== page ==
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Modular Diary – 027

A week ago I wrote about (circular) mechanical sequencers and a lost post that I’d seen on a (re)construction of one for modular use. I still haven’t found the post, but in my searches for material on linear FM yesterday did come across this circular cardboard sequencer. There’s a fun video in addition the post on how to build it.

And that reminded me of some funny little bits tacked onto the end of some episodes of Reply All. Here’s one, and here’s another.

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Modular Diary – 020

I was watching a video of Lars Lundehave Hansen’s Lunar Eclipse and got to thinking of mechanical sequencers (to take a step even further back than the analogue ones). I seem to remember seeing a post about someone constructing an electro-mechanical sequencer with control voltages so that it could be used in a modular set-up. I unfortunately haven’t been able to find my way back to that post, but remember it as being based on a circular switch similar to the one found on the 1959 Wurlitzer Side Man. It also go me thinking of the Polyphons that inspired the sound-sculpture that Ida Raselli presented in a recent Frankenstein’s Lab. Finnish sound artist Martin Bircher used a similiar Symphonion as the basis for a hand-cranked MIDI sequencer.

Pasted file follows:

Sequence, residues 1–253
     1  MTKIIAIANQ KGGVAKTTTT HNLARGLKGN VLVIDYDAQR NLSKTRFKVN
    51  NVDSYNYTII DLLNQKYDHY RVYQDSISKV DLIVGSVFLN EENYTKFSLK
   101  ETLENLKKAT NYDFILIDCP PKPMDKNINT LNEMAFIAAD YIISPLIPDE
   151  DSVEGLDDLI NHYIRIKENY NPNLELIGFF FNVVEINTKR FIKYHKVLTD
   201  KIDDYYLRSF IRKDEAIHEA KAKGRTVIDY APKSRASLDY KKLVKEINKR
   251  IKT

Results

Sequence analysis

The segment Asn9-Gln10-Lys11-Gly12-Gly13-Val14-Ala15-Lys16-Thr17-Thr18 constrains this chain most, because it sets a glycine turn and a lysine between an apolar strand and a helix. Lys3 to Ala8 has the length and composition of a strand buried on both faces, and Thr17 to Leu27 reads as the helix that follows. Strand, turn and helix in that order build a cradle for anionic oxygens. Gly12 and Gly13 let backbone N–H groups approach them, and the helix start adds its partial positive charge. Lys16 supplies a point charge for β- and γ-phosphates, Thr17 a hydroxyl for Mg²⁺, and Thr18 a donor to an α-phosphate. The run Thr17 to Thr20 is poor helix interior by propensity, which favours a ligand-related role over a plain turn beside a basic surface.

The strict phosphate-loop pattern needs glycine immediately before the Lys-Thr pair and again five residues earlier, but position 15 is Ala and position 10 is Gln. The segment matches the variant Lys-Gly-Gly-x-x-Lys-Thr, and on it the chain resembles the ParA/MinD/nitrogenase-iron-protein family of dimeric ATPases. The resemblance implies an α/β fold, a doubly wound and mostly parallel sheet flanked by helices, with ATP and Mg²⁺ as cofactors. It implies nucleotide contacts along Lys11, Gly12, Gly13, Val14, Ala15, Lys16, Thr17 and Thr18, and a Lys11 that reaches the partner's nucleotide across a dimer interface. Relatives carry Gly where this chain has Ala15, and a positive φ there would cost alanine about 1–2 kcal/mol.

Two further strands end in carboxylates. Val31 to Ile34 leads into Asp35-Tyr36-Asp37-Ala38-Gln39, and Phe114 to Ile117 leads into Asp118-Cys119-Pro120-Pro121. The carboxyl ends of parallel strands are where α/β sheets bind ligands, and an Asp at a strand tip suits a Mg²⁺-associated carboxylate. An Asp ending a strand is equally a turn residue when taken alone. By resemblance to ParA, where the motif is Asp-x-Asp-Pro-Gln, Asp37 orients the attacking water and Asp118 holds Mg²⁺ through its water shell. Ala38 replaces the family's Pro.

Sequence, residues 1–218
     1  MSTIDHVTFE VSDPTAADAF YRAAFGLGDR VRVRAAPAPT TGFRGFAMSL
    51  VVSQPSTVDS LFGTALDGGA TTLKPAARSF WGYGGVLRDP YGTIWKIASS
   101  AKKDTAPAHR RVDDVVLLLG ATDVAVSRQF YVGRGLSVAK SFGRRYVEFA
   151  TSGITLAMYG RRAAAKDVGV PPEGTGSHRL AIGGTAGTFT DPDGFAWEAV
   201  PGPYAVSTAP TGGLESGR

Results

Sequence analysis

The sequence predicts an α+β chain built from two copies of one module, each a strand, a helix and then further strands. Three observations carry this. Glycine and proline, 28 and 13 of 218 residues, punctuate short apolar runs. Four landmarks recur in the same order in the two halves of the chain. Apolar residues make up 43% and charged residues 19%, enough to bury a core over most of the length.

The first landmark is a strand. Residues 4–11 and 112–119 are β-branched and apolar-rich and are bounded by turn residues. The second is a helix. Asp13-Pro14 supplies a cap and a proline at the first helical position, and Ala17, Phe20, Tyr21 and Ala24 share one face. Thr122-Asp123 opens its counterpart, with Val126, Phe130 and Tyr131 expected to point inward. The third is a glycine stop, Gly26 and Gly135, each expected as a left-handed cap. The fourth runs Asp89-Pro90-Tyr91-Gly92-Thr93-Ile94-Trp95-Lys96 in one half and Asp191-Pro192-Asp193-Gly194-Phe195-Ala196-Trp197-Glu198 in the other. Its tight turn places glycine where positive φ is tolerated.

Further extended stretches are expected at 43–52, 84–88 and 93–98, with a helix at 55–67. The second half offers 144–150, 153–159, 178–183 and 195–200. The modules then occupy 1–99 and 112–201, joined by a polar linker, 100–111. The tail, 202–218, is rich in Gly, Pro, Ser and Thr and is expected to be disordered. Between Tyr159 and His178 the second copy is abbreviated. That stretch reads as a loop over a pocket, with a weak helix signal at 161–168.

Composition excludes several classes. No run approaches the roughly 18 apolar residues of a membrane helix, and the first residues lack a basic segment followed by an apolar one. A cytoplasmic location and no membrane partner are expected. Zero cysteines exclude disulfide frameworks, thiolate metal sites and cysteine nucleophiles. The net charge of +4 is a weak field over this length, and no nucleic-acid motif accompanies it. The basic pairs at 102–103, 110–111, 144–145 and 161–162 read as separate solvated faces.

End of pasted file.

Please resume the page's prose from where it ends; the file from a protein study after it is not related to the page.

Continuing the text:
In a way it’s surprising that circular forms aren’t more common in sequencer design. There’s the Buchla 250e (that Benge used in his tour of sequencing modular systems) or iOS apps like Patterning or dot Melody. I can’t think of much else.

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